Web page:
2. Why this message now? Almost every audience you will address will feel that they have a lot on, and that all of it is all-important. This is something you need to navigate every time you are attempting to gather people's attention around your idea or cause. They must give it a sense of urgency! (URGENCY)
3. Why are you the person to tell me this message? This is where you begin to build credibility around who you are and your message. If you get a great response to your first two pieces around the message and the urgency of it, you can spend less time on the third credibility piece. (CREDIBILITY)
The second set of questions are all about positioning who you are and what you do:
4. Who are you? The critical thing whenever you talk about yourself is to do so humbly. Make sure you own your success but be quick to share how you have learnt from mistakes and failures. (DISCLOSURE)
5. What do you do? Think like an engineer as you talk through what it is you do and how you go about doing it. See if you can elevate others. State the fact that you are surrounded by some seriously smart technical cookies. Then proceed to explain how person X's genius allows you to get Y done better than others. (PROCESS)
6. Why should I care? You need to link what you know to what people want. If you can link how what you propose helps the audience get what they are in business for - people get that you are delivering a message just for them - that addresses their real work challenges. This makes you super relevant. (BENEFIT)
The third set of questions are all about knocking down barriers and subconscious objections:
7. What's wrong with you? At some time in your life you will be the odd one - maybe you are short, maybe you are bald, maybe you are white and the audience is not. Be careful that you don't come from insecurity when framing out a what’s-wrong-with-you concern. (PERSONAL)
8. What’s wrong with them? Think through your audience and see if they have a professional bias or some such. Eg. Engineers over specify things (like bridges so they don't fall down), accountants analyse things. Frame their bias in a complimentary way and position the disruption or change that is instructing your thinking. Ask for thoughts - then position your message. (AUDIENCE)
9. What's wrong with your message? If a message is hard to swallow or you know something might be poorly received it’s useful to get that elephant out the front of the room and name it. (MESSAGE)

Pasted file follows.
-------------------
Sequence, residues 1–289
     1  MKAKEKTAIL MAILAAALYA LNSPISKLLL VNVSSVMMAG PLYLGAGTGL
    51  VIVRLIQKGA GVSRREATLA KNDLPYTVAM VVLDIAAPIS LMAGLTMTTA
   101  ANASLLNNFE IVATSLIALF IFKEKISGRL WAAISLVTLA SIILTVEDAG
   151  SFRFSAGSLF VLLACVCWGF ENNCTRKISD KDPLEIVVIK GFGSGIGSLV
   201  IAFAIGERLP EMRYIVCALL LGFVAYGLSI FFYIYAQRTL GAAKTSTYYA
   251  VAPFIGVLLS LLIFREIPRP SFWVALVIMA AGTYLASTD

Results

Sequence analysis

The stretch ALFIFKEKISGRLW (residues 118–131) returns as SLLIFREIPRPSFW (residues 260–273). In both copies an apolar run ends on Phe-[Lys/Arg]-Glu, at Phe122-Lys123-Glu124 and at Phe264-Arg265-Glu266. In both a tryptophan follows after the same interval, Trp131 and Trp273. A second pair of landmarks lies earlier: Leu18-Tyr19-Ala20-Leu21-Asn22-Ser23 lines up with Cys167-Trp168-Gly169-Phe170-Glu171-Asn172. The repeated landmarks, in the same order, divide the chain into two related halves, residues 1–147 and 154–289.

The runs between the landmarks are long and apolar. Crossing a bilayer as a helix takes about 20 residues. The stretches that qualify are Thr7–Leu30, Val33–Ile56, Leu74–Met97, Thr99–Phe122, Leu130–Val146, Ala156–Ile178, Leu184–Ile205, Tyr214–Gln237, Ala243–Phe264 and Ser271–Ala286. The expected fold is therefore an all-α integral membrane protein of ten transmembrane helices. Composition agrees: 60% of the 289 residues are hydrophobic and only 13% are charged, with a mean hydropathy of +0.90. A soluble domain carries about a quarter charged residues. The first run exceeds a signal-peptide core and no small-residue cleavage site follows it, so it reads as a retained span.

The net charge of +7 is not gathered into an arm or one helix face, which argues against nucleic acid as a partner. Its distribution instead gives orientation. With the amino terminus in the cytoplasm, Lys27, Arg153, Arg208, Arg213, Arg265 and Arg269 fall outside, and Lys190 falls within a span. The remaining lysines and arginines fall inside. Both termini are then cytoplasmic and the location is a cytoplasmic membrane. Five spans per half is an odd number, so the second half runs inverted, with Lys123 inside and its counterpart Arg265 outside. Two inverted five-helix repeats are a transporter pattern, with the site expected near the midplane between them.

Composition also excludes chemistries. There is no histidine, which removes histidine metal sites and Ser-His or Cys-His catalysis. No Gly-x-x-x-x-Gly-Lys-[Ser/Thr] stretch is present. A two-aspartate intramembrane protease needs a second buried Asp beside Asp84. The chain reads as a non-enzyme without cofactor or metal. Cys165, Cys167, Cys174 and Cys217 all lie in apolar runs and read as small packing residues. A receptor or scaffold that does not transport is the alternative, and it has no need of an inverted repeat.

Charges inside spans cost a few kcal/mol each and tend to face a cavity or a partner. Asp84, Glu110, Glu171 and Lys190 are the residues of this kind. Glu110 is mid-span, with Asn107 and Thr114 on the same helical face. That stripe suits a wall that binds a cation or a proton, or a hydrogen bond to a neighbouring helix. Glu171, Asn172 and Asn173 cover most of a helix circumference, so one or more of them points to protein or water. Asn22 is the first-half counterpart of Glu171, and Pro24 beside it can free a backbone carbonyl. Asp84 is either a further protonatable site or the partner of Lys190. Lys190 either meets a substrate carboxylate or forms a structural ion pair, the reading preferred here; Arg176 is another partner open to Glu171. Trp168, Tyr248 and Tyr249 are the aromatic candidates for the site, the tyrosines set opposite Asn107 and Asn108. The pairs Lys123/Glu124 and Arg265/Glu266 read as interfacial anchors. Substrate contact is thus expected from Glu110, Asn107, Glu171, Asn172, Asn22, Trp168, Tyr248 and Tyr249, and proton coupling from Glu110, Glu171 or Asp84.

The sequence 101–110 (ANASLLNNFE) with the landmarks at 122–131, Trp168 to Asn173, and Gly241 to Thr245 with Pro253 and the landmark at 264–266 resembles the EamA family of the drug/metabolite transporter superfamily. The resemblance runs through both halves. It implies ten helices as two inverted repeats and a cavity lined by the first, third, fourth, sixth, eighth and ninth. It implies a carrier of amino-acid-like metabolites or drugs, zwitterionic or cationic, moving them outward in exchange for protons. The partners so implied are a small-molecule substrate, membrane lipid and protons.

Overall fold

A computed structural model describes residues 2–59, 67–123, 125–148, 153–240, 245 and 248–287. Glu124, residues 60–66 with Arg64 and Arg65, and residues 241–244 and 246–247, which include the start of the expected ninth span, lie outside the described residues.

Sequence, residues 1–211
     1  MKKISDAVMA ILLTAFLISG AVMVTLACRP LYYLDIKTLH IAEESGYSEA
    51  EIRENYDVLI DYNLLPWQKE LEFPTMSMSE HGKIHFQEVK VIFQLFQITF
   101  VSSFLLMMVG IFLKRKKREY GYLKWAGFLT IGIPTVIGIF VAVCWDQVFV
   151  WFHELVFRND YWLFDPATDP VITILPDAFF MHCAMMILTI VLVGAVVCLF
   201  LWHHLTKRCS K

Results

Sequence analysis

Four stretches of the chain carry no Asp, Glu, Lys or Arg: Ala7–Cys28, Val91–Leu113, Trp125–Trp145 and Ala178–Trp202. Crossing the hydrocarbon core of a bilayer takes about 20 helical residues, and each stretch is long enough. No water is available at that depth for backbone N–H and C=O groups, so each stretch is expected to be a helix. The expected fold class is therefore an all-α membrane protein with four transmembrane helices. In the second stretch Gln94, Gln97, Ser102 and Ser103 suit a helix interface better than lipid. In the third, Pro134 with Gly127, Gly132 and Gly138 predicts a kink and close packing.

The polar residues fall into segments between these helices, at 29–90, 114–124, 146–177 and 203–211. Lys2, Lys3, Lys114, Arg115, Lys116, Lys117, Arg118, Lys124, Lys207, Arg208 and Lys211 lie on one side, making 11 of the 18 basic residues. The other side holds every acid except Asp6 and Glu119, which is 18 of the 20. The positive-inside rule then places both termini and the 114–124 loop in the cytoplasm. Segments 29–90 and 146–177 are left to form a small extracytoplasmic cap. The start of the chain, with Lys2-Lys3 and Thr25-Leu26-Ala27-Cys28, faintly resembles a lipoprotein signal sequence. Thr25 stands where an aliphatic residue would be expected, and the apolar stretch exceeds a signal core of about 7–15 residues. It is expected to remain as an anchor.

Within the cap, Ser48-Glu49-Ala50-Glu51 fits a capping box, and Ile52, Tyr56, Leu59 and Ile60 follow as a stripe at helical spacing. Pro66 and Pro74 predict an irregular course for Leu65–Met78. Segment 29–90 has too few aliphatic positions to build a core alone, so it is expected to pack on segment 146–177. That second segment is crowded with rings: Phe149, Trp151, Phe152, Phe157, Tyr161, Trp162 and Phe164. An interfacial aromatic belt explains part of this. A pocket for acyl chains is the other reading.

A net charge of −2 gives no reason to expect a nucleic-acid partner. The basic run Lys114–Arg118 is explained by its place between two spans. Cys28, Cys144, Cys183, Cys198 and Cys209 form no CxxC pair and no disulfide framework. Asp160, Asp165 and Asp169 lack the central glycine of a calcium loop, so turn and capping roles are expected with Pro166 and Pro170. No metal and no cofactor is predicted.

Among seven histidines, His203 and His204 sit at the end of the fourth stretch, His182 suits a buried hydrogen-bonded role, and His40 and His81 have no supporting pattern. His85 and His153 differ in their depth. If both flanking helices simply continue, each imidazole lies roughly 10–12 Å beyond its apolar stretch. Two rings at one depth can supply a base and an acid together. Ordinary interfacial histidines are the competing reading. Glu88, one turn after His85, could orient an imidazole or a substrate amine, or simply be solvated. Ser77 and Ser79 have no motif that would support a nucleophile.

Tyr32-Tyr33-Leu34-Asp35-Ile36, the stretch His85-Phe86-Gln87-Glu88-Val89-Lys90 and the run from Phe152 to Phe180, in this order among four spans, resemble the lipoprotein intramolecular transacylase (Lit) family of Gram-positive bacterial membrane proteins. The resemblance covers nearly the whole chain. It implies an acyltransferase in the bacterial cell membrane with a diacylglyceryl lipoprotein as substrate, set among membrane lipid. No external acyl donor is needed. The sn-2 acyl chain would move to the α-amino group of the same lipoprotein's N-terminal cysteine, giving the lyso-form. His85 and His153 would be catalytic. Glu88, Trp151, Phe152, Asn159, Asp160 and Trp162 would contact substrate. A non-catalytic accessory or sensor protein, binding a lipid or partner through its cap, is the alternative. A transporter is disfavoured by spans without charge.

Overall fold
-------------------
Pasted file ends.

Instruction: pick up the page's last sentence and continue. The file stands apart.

The fourth set of questions switch the smart cookies on to your talk:
10. What's it like? This question is basically addressing the need for referencing. This helps people to see that you are not passing off ideas as your own. Quote others, hold up books, references, shared experiences and use analogies to start your conversation. (ABSTRACT)
11. What's it about? This is a question that positions your message into a primary overarching context. Basically pick a word that sums up what you want to discuss and share it at the outset. Then, what you want to do is build a memorable phrase that anchors that word in a way that's easy to recall. (EXISTENTIAL)
12. What's in it for me? The ‘me’ in this case may be 'my group' or 'my division' or 'my family' and it’s not an unreasonable question for someone to ask. Take time to get really clear what the pay off is for your desired audience. (INTRAPERSONAL)
The last three questions are about action and driving change:
13. What's your point? Make sure that your point is clear and well articulated. Your three or so great points nest under your primary context, (question 11) and make it real. (CLARITY)
14. How is it unique? Make sure you can explain how your idea is unique - look for a point of difference. (DIFFERENTIATION)
15. So what should I do? Our final frame is the action frame. Pick three, five or seven simple actions that people can take. Make them practical as well as conceptual. (PRESCRIPTION)
If the message you deliver is relevant, thorough, elegant and unique - then they just might act on it.